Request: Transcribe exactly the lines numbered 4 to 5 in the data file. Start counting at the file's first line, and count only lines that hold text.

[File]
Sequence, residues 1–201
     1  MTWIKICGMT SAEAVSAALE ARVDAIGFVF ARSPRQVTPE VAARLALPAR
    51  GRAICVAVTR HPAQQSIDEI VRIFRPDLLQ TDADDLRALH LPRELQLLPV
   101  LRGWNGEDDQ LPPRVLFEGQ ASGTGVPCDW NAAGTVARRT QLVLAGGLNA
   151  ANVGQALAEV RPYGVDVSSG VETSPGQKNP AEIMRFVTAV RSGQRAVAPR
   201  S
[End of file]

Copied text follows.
   101  LRGWNGEDDQ LPPRVLFEGQ ASGTGVPCDW NAAGTVARRT QLVLAGGLNA
   151  ANVGQALAEV RPYGVDVSSG VETSPGQKNP AEIMRFVTAV RSGQRAVAPR